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Biology Articles » Methods & Techniques » Ottawa aggressive protocol for acute atrial fibrillation is successful

Ottawa aggressive protocol for acute atrial fibrillation is successful

There is no consensus on Emergency Department management of acute atrial fibrillation (AAF) or atrial flutter (AAFL). The Ottawa Aggressive Protocol, consisting of an IV procainamide infusion of 1 gram over 1 hour, electrical cardioversion, if necessary, by ED staff and discharge from the ED with outpatient cardiology follow-up, may be a safe and effective treatment for AAF and AAFL.

In results to be presented at the 2007 Society for Academic Emergency Medicine (SAEM) Annual Meeting, Dr. Ian Stiell of the Ottawa Health Research Institute will show that in 660 patient visits in a 5 year period, over 90% of all patients with AAF or AAFL can be discharged with a normal heart rhythm using this protocol. This method of treatment stands in contrast to practice in the United States, where management of AAF and AAFL is hospital admission followed by treatment by cardiologists.

Dr. Stiell states, “This is the largest reported study of AAF/AAFL in the ED and demonstrates that the Ottawa Aggressive Protocol is extremely effective for the rapid cardioversion and discharge of patients by ED physicians. This protocol is safe and could lead to a significant decrease in hospital admissions.”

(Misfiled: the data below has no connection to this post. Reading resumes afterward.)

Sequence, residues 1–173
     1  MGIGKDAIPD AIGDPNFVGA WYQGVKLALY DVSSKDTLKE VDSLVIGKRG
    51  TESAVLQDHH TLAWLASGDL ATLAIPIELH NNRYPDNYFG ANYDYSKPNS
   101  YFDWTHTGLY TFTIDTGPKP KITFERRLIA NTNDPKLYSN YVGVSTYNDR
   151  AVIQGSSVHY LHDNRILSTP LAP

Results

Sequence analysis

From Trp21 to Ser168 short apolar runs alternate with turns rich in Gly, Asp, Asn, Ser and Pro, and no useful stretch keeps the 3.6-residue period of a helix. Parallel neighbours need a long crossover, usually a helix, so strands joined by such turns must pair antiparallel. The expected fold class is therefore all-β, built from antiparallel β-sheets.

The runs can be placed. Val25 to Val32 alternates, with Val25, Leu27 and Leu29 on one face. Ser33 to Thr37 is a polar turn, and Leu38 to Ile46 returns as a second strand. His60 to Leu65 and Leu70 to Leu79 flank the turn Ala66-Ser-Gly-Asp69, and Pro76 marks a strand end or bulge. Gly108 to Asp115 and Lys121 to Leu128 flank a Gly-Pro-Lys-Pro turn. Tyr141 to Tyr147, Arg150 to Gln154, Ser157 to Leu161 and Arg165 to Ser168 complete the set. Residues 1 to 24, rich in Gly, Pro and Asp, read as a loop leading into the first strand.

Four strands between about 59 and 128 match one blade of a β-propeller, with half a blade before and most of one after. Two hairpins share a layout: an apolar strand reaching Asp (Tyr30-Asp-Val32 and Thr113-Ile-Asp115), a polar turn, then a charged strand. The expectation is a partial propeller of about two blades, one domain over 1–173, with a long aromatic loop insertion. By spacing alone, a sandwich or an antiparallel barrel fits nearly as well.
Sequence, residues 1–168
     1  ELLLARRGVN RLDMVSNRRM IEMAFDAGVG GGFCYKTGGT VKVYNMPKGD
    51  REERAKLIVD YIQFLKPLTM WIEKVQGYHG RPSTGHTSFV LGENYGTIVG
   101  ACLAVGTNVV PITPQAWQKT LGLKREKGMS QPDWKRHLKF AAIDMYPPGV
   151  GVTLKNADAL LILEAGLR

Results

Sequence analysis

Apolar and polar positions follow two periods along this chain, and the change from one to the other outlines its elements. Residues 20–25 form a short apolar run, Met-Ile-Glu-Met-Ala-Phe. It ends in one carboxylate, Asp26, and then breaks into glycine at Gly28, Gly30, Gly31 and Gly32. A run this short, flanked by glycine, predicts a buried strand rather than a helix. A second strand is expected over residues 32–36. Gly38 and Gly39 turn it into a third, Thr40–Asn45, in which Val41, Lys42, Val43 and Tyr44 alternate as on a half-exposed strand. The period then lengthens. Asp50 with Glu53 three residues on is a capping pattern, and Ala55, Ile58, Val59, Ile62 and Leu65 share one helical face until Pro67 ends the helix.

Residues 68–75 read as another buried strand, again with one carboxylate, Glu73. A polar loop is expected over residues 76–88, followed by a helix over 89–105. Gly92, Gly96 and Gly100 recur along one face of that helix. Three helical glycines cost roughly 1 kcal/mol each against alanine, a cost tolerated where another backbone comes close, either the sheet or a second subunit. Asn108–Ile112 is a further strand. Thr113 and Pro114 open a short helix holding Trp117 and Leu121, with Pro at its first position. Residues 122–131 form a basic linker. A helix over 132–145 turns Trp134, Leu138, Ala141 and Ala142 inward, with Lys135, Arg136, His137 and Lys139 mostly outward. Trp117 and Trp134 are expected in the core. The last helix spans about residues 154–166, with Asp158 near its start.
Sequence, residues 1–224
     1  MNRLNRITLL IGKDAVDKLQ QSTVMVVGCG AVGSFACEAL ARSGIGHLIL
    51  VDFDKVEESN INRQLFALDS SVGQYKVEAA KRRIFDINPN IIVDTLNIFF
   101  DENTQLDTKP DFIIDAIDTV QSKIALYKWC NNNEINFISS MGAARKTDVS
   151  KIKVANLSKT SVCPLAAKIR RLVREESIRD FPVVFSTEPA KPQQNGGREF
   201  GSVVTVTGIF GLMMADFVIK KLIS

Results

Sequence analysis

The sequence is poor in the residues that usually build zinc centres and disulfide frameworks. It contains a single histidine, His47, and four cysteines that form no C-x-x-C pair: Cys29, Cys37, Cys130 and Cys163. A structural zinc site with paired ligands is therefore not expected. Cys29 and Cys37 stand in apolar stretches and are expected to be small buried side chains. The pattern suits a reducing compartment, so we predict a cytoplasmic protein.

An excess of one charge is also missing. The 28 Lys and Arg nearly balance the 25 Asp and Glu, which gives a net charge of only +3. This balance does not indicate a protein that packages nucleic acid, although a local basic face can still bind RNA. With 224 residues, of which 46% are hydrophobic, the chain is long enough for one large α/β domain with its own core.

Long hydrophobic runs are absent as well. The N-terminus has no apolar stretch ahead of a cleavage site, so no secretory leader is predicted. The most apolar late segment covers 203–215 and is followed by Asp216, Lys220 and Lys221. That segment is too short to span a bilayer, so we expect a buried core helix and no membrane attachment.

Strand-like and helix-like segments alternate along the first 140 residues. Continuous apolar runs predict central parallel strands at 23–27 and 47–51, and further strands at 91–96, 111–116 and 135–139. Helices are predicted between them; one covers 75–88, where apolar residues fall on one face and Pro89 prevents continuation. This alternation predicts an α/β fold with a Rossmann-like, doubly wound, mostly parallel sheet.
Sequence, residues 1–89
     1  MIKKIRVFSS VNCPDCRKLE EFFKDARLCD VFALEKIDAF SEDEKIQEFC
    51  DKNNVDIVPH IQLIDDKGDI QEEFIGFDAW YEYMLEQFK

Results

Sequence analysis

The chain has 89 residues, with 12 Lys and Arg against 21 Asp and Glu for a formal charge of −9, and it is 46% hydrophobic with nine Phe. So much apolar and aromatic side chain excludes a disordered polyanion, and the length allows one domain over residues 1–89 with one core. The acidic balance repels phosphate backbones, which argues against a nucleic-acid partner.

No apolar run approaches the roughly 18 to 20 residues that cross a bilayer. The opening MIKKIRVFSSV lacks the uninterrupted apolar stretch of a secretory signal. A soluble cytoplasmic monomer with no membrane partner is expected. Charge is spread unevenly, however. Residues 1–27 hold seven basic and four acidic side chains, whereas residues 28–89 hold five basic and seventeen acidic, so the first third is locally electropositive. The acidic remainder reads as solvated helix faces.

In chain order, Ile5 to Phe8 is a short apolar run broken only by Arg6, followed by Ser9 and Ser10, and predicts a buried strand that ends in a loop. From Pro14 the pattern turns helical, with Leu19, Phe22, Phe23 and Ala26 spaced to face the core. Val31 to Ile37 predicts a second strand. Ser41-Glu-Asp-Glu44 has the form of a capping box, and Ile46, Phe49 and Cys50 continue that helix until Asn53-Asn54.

The presentation is entitled “The Ottawa Aggressive Protocol for ED Management of Acute Atrial Fibrillation” by Ian G. Stiell, MD. This paper will be presented at the 2007 SAEM Annual Meeting, May 16-19, 2007, Chicago, IL on Wednesday, May 16th, in the Plenary session beginning at 1:00 PM in Sheraton 4 & 5 of the Sheraton Chicago Hotel & Towers. Abstracts of the papers presented are published in Volume 14, Issue 5S, the May 2007 supplement of the official journal of the SAEM, Academic Emergency Medicine.

Elsevier Health Sciences. May 2007.


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